Monthly Archives: August 2014

Fringe Benefits: What We Loved in this Year’s Edinburgh Festival

As another Edinburgh Festival draws to an end – dreams crushed and made, livers battered, and flyers naught but a mulch underfoot on the Royal Mile – the Albany team shares their experiences and reflections from 2014’s Fringe.

Gavin Barlow

When we go to the Edinburgh Fringe we’re not just looking for shows that we could put on at the Albany, but for new artists we’d like to ongoing working relationships with. Increasingly the Albany forms long term partnerships with companies and artists who work across our programmes, rather than just performing a show.

Although many of the artists we work with are based in SE London, it’s good to cast the net wide. For us the find of this year’s festival was 24-year-old performance artist Selina Thompson from Leeds with her first show Chewing the Fat. Somewhere between theatre, stand up and intimate storytelling, the show is a very personal, open and funny portrayal of our relationship to our bodies. Definitely a name to watch, and we hope to welcome Selina to the Albany sometime in the next year.

Another first show for a new company was Eggs Collective, three women from Manchester, in a free show at midnight in a tiny room, which promised laughs and ‘dark cabaret theatrics’ , but provided so much more. Brilliant, sharp-witted performers with real insight, charm, and something to say, we’ll definitely be hearing from them again.

Not a new company, but one that’s been around for a while, Ridiculusmus had one of the most inventive, intriguing shows at the Fringe, The Eradication of Schizophrenia in Western Lapland. The audience is split in two, watching one performance and hearing another at the same time. It’s like experiencing an hallucination at times, not always easy to watch, but well worth the effort and a performance that will stay in the imagination for a long time after the show.

Amber Massie-Blomfield

I’m not sure if the quality of work is getting better, or I’m getting better at picking, but either way almost everything I saw had something that made me really glad I’d experienced it.

There were many highlights: Nothing by Barrel Organ was a personal favourite, FURIES by KILN Theatre and Chris Goode’s Men in Cities left me completely exhilarated, and sketch group Beasts were hilarious with their own brand of intelligent, surreal comedy.

After a couple of years of really strong line ups of work by women with a feminist theme, a current ran through many of the shows I saw of men interrogating their relationships with their own gender identity, and some of the most thrilling and important work I saw emerged from this subject matter.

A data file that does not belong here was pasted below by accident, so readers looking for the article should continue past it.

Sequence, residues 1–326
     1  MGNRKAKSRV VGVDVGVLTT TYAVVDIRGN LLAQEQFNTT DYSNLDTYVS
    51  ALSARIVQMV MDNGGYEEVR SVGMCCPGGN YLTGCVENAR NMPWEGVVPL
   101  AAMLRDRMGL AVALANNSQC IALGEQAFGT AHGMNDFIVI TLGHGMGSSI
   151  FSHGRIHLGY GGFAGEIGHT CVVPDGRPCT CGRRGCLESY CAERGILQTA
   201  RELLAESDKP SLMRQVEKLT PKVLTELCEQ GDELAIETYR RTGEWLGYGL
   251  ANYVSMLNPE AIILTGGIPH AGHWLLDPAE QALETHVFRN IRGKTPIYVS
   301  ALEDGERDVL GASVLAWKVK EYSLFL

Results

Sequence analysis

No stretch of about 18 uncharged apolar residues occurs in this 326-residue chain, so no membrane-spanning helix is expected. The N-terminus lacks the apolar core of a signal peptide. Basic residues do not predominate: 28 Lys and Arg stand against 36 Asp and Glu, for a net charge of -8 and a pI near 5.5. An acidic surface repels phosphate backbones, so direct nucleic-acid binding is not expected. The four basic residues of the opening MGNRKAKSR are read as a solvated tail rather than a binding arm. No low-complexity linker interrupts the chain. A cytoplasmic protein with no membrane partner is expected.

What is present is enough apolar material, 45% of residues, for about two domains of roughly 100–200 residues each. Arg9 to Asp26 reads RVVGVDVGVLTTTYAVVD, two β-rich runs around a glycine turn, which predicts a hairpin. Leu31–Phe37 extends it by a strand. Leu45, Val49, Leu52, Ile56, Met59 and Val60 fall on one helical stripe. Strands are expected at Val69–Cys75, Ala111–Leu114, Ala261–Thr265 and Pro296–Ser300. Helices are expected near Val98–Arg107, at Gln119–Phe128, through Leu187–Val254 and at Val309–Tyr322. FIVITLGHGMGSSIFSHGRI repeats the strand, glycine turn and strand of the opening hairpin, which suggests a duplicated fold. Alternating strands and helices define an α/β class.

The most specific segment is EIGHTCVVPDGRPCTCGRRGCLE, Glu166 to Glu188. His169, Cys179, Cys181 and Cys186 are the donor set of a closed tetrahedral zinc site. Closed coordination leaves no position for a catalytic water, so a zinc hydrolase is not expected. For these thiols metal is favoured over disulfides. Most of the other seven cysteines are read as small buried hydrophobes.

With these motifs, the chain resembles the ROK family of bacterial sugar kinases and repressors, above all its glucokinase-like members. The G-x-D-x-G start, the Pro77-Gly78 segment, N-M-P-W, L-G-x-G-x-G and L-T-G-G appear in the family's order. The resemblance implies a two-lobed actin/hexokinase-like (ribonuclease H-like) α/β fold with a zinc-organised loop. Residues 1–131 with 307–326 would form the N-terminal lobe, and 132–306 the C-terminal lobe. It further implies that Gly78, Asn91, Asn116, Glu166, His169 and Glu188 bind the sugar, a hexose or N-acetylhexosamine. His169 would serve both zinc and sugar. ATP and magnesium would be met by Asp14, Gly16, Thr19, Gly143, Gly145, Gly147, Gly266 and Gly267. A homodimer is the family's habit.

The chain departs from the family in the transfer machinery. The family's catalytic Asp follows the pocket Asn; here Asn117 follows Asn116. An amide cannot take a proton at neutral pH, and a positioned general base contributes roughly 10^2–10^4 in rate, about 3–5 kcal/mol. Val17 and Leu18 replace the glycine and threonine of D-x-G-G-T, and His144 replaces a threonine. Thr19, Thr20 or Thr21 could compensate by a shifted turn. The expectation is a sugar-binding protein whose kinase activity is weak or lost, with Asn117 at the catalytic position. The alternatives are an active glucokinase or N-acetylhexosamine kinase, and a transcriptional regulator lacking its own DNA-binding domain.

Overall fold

As ever some of the most interesting experiences were at Forest Fringe. Bryony Kimmings, the performance art powerhouse behind Sex Idiot and Credible, Likeable, Superstar Role Model and her partner Tim Grayburn shared the scratch of their new piece Fake It Til You Make It: an exploration of his experience of depression. In the really early stages of its life, this was understandably still finding its form, but there was something really promising at its heart, and hugely touching to see Tim, a non-performer, dealing with his depression in such a frank, brave way.

Christopher Brett Bailey’s This Is How We Die was many people’s Fringe highlight, and it isn’t hard to see why: an absolutely BLINDING (almost literally) Ginsberg-esque, frenetic one man spoken word/storytelling show with lots of brilliantly dissolute interweaving characters in a heightened, absurdist universe woven from beatnik mythology. Brett Bailey ends by declaring the death of language… and leaves his audience speechless.

Peter McMaster’s Wuthering Heights was retelling of one of my favourite novels, focussing on Heathcliff’s story. With great deployment of Kate Bush. It was fragmented, raw, performance-arty, and hugely passionate. Another audience member approached me at the end and said: “I was watching you during that and I feel like I need to give you a hug”. Which is a sign, I think, that I liked it.

Matilda Moors

I managed to catch a fantastic range of work during my time at the Festival.

Here were my highlights:

Merry Christmas, Ms Meadows by Belarus Free Theatre: this made me incredibly excited to have them at the Albany (with the World Premiere of Price of Money in September). The work was really rich and complex. The references to transgender figures in historical communities were original and seemed vital to understanding the piece as a whole rather than coming off like a tool to give weight to the show overall. There were no easy answers and despite the fact it was such a directly political piece it didn’t feely preachy. There was a great balance between personal stories and societal issues. Their work is really direct and relatable, and I’m excited about the prospect of engaging locally based Deptford audiences, because it feels like they will find so much of value.

You Are Not Alone by Kim Noble is about a lot of things, but I left feeling like I’d watched something that genuinely tapped into how weird and difficult forming relationships is. It was dark, hilarious, invasive and tender.